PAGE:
The co-chairs of the Sri Lankan donors’ group—the US, EU, Japan and Norway—met on Monday and “strongly urged” the government and the Liberation Tigers of Tamil Eelam (LTTE) to hold “immediate talks” to review the current ceasefire agreement “without further delay or prevarication.”
The statement points to growing international alarm over escalating clashes between the military and the LTTE that threaten to lead to a complete breakdown of the ceasefire. A renewal of full-scale war on the island would have a destabilising influence throughout the Indian subcontinent where the US and other major powers have expanding economic and strategic interests.
The Brussels statement focussed on the LTTE, condemning its boycott of the recent presidential election, demanding it “put an end to its ongoing campaign of violence” and urging it to “demonstrate its commitment to the ceasefire agreement and peace process.” Co-chairs pointedly warned: “Failure to demonstrate a willingness to change would not be without serious consequences.”
Although the “serious consequences” were not specified, the major powers left no doubt that they intend to intensify the diplomatic arm twisting and threats against the LTTE, which could include assistance to the Sri Lankan military. Ever since the 2002 ceasefire was signed, the LTTE has been under pressure to make major concessions in return for a relatively minor role in any political settlement.
The LTTE has already indicated its willingness to give up its demand for a separate statelet of Tamil Eelam in the north and east of the island. Increasingly, however, it has been backed into a corner, facing provocations by the Sri Lankan military and allied paramilitaries and stalled peace talks. In his “Heroes Day” speech last month, LTTE leader V. Prabhakaran warned that the LTTE would be forced to resume the struggle for “self-determination” next year unless progress towards a satisfactory political solution was made.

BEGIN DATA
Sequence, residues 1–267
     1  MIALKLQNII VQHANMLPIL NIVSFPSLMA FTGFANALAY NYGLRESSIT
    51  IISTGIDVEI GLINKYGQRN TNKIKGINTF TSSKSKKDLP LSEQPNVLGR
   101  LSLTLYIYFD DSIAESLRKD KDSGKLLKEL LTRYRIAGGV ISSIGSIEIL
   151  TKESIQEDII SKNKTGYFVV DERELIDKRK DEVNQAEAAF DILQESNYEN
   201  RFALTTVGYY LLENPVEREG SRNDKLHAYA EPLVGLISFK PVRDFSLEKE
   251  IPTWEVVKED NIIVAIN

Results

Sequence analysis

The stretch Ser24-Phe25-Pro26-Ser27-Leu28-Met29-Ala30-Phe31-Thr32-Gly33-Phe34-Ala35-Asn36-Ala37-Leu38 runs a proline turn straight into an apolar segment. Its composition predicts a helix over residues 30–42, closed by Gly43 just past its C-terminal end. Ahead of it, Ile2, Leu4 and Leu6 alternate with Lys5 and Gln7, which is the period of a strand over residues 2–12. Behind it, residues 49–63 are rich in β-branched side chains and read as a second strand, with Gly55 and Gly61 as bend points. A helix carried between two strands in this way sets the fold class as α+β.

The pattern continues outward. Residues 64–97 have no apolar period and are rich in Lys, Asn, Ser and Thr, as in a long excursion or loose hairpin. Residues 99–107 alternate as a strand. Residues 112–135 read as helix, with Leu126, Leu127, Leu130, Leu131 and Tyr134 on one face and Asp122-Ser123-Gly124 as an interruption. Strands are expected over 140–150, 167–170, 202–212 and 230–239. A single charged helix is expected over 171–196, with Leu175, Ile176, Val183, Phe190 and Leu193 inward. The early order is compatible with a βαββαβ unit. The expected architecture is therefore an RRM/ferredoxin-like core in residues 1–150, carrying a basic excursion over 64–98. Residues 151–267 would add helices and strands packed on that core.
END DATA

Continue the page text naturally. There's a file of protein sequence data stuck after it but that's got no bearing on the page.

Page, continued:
The Brussels statement made little pretence of being even-handed. It noted the “activities of paramilitary groups are another of the causes for deteriorating situation” and “urged the government to ensure such groups cease their activities” as a “demonstration of its commitment to a peaceful way forward.” But there were no threats of “serious consequences” if the Sri Lankan military failed to rein in its proxies.
The Co-chairs’ warning to the LTTE can only encourage the Sri Lankan government to pursue its hardline stance. The newly elected President Mahinda Rajapakse, backed by Sinhala chauvinist parties, campaigned last month on the basis of a series of provocative new demands on the LTTE—including the revision of the ceasefire agreement to strengthen the position of the Sri Lankan security forces.
Not surprisingly, the government immediately hailed the outcome of the Brussels meeting. At a press conference on Thursday, government spokesman Nimal Siripala de Silva called for tough action against the LTTE. “We insist that the Co-chairs and the international community put more pressure on the LTTE against its violations [of the ceasefire].”
The Colombo media echoed the demand. The right-wing Island, for instance, called for the international community to take “tangible” action against the LTTE. After declaring that the LTTE would simply ignore verbal warnings, the newspaper’s editorial yesterday declared: “It is just a matter of tightening screws on the outfit in the West.”